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[134] aside from the fact that they addressed, for the most part, readers who were already convinced, addressed few of these. Garrison's Liberator had only between 150 and 2,500 subscribers during its entire career, and the National Antislavery Standard, whose paying circulation in 1846 was 1,400, was kept alive by annual bazaars. The Tribune's circulation grew with the intensity of its antislavery views, and in January, 1854, it had a circulation of 96,000 for its weekly, and of 130,000 for its total issues. How Horace Greeley led on his readers, step by step, to face the great issue, we may now learn from the words he addressed to them.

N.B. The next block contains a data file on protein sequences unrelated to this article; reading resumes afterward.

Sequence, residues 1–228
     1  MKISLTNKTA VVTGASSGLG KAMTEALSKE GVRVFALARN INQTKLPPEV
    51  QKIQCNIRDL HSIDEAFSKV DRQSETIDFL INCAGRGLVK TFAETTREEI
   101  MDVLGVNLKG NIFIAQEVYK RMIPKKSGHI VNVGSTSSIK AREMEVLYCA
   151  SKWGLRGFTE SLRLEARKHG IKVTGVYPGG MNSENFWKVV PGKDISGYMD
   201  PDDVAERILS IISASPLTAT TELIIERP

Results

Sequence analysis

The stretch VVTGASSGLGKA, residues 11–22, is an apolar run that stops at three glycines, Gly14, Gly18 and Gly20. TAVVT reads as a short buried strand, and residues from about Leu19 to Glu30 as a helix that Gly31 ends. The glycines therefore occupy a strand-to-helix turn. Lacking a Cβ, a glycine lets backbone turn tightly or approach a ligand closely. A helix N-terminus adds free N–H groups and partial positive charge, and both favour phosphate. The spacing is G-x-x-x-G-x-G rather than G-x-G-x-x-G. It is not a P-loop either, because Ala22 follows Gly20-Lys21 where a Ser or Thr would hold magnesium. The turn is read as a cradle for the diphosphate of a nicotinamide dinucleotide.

When conducting the New Yorker, in 1834, Greeley, while believing slavery “to be at the bottom of most of the evils which affect the communities of the South,” accepted and defended the right to be let alone, as regards this question, for which the South was contending. His paper said in July of that year: “The Union was formed with a perfect knowledge, on the one hand, that slavery existed in the South, and, on the other, it was utterly disapproved and discountenanced at the North. But the framers of the Constitution saw no reason for distrust and dissension in this circumstance. Wisely avoiding ”

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